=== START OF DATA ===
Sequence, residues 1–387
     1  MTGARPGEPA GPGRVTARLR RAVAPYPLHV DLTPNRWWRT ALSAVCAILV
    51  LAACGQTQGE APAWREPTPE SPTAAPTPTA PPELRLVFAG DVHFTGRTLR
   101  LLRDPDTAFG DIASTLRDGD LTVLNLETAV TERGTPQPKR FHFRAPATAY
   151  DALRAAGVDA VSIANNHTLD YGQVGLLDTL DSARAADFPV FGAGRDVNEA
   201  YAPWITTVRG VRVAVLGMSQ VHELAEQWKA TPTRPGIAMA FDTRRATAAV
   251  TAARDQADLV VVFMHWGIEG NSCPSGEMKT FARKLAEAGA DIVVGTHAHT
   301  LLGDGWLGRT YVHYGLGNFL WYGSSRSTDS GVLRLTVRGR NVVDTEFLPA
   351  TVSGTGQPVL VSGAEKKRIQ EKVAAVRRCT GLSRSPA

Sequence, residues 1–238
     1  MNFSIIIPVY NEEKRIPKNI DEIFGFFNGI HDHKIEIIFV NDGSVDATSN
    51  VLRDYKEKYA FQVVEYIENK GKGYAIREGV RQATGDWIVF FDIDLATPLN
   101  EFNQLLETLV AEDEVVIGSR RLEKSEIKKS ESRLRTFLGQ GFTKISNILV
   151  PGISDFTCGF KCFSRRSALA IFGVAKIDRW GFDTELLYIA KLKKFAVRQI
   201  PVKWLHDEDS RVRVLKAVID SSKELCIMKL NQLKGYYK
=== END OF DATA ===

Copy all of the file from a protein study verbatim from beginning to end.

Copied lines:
Sequence, residues 1–387
     1  MTGARPGEPA GPGRVTARLR RAVAPYPLHV DLTPNRWWRT ALSAVCAILV
    51  LAACGQTQGE APAWREPTPE SPTAAPTPTA PPELRLVFAG DVHFTGRTLR
   101  LLRDPDTAFG DIASTLRDGD LTVLNLETAV TERGTPQPKR FHFRAPATAY
   151  DALRAAGVDA VSIANNHTLD YGQVGLLDTL DSARAADFPV FGAGRDVNEA
   201  YAPWITTVRG VRVAVLGMSQ VHELAEQWKA TPTRPGIAMA FDTRRATAAV
   251  TAARDQADLV VVFMHWGIEG NSCPSGEMKT FARKLAEAGA DIVVGTHAHT
   301  LLGDGWLGRT YVHYGLGNFL WYGSSRSTDS GVLRLTVRGR NVVDTEFLPA
   351  TVSGTGQPVL VSGAEKKRIQ EKVAAVRRCT GLSRSPA

Sequence, residues 1–238
     1  MNFSIIIPVY NEEKRIPKNI DEIFGFFNGI HDHKIEIIFV NDGSVDATSN
    51  VLRDYKEKYA FQVVEYIENK GKGYAIREGV RQATGDWIVF FDIDLATPLN
   101  EFNQLLETLV AEDEVVIGSR RLEKSEIKKS ESRLRTFLGQ GFTKISNILV
   151  PGISDFTCGF KCFSRRSALA IFGVAKIDRW GFDTELLYIA KLKKFAVRQI
   201  PVKWLHDEDS RVRVLKAVID SSKELCIMKL NQLKGYYK